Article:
Pick a Perfect Pumpkin

By Susan Littlefield

Whether for fall decorating, delicious pies, or Halloween Jack-'o-lanterns, October is pumpkin time. If you're growing your own, how do you know when your pumpkin is ready to pick? And if you're selecting one from a local farmers market or vegetable stand, what should you look for to choose the best?

Home gardeners should harvest pumpkins when they are fully colored and their outer rinds are thick and tough enough that they can't easily be pierced with a thumbnail. But be sure to pick pumpkins before the first heavy frost. Otherwise they can suffer chilling injury that will keep them from storing well. Cut, rather than pull, pumpkins from the vine, leaving several inches of stem attached. But never carry a pumpkin by its stem. If its stem breaks off, the pumpkin won't keep long.

Select only the best specimens for storage, without bruises, cuts, or soft spots. For the longest storage, cure your pumpkins to dry and harden their shells completely. Place in a warm (75-85 degrees F is ideal), well-ventilated spot for a week or two -- perhaps near your furnace or on an enclosed porch. After curing, store pumpkins a cool, dark spot (50- 60 degrees F), such as an unheated spare room or cool closet. Check them periodically and remove any that show signs of rot.

If you're choosing a pumpkin for carving, take the advice of University of Illinois Extension horticulture educator Ron Wolford and select one with a lighter orange rind. These are easier to carve than darker orange varieties because the skin is not as hard. (The lighter varieties don't keep as long in storage, however.) Use the thumbnail test described above to make sure your choice is fully mature and check to see that 1-2 inches of stem is still attached. After carving, Wolford suggests coating the cut surfaces of the Jack-'o-lantern with petroleum jelly or vegetable oil to prolong its decorative lifespan.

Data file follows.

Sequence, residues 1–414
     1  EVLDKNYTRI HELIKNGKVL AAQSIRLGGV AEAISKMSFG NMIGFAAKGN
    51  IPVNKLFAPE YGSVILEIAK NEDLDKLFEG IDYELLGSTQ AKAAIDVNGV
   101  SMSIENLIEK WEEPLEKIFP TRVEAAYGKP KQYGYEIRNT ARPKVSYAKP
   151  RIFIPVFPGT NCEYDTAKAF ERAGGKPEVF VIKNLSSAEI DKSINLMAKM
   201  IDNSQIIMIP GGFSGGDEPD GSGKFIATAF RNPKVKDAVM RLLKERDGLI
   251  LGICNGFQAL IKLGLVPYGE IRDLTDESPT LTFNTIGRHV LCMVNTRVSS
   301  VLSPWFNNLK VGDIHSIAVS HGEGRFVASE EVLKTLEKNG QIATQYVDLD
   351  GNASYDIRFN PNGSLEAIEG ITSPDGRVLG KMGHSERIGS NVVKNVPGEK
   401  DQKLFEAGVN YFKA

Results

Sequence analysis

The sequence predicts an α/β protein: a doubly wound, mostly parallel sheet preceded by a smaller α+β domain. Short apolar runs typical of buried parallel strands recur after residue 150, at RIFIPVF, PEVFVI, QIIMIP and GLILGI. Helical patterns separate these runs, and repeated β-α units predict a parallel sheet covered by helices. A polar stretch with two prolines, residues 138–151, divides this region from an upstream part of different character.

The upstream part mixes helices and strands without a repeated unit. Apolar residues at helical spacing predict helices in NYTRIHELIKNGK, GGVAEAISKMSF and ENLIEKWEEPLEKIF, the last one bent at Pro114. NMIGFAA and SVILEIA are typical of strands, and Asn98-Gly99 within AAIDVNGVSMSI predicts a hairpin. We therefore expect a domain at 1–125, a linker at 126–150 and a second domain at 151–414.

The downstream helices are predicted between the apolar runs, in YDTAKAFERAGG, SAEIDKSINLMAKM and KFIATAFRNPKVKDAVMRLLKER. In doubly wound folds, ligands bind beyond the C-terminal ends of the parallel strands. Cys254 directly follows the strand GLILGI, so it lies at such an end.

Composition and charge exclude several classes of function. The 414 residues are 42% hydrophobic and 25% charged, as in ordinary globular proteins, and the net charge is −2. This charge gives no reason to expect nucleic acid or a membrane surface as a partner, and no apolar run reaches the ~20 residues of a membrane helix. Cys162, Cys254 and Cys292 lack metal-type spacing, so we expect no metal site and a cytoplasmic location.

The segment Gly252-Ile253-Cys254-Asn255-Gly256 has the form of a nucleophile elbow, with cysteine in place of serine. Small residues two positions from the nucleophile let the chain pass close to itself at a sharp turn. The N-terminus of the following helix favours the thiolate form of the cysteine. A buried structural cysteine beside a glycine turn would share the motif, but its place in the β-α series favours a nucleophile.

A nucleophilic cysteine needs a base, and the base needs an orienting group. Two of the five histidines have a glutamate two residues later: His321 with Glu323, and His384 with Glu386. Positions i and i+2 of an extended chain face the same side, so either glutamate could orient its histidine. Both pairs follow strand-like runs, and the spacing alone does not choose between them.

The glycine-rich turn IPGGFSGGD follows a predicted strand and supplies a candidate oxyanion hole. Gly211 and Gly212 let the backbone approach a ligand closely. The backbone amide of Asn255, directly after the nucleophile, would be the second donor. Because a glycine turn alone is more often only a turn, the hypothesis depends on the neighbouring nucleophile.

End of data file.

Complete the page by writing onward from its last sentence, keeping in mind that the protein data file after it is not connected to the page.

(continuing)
If pie making is your goal, select a variety bred for sweet, tasty flesh, not size, such as 'Small Sugar?' and 'Baby Pam'. These smaller varieties have smoother, denser flesh with a higher sugar content than the large varieties bred for carving and decoration. In addition to its delicious taste, bright orange pumpkin flesh is high in fiber, low in calories, and loaded with healthful beta-carotene.

To find out more about pumpkins, including their history and lots of interesting pumpkin facts, check out this great resource from the University of Illinois Extension at Pumpkins and More.

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